This portrait gives the appearance of having been taken in a studio. The lighting is carefully considered and controlled, soft and diffused. The client is positioned against an off-white background and his posture is quite formal in stance even though he appears at ease and relaxed.
This portrait however was taken at client’s premises, in a modular unit, an on-site Portakabin where a small team of managers and administrators run a large aggregates and earthmoving construction company.
The ‘space’ had been described to me and I was confident that provided it was clean and empty as agreed, it would be just about enough to rig a full 9ft wide studio back drop and for two free standing studio flash heads.
On site at 5am and I discovered the modular space was still full of office furniture and a very large desk dominating. Much of the portable office had to be temporarily moved outside with the remaining filing cabinets ‘pinned’ tightly against the walls with barely enough space for my subjects to stand and be comfortable. I set up in the dark and started to shoot as the dawn broke.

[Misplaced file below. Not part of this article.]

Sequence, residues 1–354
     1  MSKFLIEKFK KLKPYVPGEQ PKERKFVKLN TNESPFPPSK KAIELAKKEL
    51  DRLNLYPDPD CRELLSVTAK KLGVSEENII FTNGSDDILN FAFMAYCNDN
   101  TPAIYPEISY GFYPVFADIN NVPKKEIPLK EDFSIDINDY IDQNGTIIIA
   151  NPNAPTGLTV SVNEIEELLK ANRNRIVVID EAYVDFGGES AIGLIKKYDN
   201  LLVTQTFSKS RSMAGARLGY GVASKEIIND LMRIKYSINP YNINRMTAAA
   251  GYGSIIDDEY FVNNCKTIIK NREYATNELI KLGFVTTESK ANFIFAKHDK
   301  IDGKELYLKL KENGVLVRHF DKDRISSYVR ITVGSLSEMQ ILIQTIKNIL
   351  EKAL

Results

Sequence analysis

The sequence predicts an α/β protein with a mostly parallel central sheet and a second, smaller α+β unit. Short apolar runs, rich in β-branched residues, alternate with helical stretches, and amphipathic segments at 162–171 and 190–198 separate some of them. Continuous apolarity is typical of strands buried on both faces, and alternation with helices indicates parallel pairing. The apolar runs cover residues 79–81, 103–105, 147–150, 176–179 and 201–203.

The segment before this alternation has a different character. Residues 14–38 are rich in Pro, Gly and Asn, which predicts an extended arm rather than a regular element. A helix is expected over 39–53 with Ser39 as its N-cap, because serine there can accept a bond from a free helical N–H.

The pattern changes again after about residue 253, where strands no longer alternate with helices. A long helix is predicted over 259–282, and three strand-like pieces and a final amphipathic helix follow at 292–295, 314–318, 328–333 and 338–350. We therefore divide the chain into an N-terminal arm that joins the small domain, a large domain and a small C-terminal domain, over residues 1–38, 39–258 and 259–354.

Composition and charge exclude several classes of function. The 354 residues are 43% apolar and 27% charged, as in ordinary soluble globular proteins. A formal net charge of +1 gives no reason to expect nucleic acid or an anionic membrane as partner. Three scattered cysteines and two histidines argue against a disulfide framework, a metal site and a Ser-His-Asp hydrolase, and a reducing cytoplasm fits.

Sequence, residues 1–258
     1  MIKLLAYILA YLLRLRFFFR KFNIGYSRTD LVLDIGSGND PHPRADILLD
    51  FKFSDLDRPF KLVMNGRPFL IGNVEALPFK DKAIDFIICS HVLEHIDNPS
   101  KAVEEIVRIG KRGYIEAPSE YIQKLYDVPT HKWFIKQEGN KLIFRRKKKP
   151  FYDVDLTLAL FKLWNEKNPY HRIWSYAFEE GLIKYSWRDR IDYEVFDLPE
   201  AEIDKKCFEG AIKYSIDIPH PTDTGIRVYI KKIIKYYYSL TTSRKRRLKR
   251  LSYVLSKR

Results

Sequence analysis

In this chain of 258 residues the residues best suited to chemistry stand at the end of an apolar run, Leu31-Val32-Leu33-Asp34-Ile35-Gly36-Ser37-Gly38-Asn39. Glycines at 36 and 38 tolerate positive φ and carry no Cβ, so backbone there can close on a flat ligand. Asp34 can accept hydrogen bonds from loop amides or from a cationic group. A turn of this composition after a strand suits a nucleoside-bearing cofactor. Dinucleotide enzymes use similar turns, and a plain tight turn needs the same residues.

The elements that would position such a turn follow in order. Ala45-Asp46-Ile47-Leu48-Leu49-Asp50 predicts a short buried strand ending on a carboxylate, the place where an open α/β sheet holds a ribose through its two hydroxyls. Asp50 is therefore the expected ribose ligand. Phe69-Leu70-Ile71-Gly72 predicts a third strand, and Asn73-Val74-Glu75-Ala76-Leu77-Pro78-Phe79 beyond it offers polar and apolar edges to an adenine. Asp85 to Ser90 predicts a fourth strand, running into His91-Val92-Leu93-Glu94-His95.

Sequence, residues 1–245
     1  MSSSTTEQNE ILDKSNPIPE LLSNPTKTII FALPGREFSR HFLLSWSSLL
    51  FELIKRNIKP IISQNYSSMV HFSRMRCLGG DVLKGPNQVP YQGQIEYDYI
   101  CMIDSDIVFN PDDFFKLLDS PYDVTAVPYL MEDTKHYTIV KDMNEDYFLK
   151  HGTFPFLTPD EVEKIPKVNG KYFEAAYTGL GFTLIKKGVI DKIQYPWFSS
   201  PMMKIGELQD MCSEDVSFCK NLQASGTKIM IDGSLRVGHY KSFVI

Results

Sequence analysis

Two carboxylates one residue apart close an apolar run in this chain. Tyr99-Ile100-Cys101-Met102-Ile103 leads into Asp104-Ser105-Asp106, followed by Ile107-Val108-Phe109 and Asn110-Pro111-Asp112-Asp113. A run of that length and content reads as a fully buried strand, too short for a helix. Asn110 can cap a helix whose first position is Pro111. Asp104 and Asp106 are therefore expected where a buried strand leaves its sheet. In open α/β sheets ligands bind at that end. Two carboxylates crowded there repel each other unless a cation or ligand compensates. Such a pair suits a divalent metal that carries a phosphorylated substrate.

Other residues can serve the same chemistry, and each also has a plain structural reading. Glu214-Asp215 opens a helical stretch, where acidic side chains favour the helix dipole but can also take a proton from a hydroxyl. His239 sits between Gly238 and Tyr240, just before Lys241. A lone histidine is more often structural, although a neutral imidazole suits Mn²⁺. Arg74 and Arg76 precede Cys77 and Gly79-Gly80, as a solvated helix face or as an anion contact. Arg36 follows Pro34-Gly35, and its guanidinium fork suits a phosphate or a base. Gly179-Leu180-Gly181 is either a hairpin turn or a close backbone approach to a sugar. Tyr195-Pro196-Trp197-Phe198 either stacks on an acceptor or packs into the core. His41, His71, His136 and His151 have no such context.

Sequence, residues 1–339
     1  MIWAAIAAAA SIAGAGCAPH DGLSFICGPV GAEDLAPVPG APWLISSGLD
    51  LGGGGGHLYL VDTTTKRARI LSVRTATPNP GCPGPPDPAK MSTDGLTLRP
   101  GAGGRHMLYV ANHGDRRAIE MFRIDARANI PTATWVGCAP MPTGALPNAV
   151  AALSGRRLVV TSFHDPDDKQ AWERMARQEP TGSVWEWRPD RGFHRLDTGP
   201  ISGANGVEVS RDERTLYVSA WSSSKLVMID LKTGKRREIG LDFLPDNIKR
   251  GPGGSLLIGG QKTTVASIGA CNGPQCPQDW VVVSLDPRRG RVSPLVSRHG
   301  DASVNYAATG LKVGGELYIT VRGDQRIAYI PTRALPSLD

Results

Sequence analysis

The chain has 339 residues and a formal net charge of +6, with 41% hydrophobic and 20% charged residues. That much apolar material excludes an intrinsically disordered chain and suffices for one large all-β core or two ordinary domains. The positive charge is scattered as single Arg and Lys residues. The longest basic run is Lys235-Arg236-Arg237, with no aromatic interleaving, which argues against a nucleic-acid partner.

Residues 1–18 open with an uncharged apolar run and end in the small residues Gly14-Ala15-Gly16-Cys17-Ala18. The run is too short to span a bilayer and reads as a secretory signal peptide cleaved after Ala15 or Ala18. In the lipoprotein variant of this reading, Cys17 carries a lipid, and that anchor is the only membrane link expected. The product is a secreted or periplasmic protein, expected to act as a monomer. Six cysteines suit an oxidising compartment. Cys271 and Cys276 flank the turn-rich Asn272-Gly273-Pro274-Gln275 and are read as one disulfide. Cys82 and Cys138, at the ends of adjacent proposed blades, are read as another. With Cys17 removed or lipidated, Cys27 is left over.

The early start was due to the best time to photograph lorry drivers, their arrival on site and to be immediately out on the road after their photograph had been taken. I was assigned just ten minutes with each and to photograph around twelve portraits in all. To briefly join their world for a few moments, share a few jokes and create a good likeness in an all male environment, with clients who felt more awkward than most. This photograph is one of twelve, all carefully made in exactly the same way, the same distance from the light, the same shadow areas and from the same view point. A perfect and brilliant example of what can be achieved with very little space and a creative and ‘can do’approach. This portrait is of ‘Cobra’ one of the regular drivers.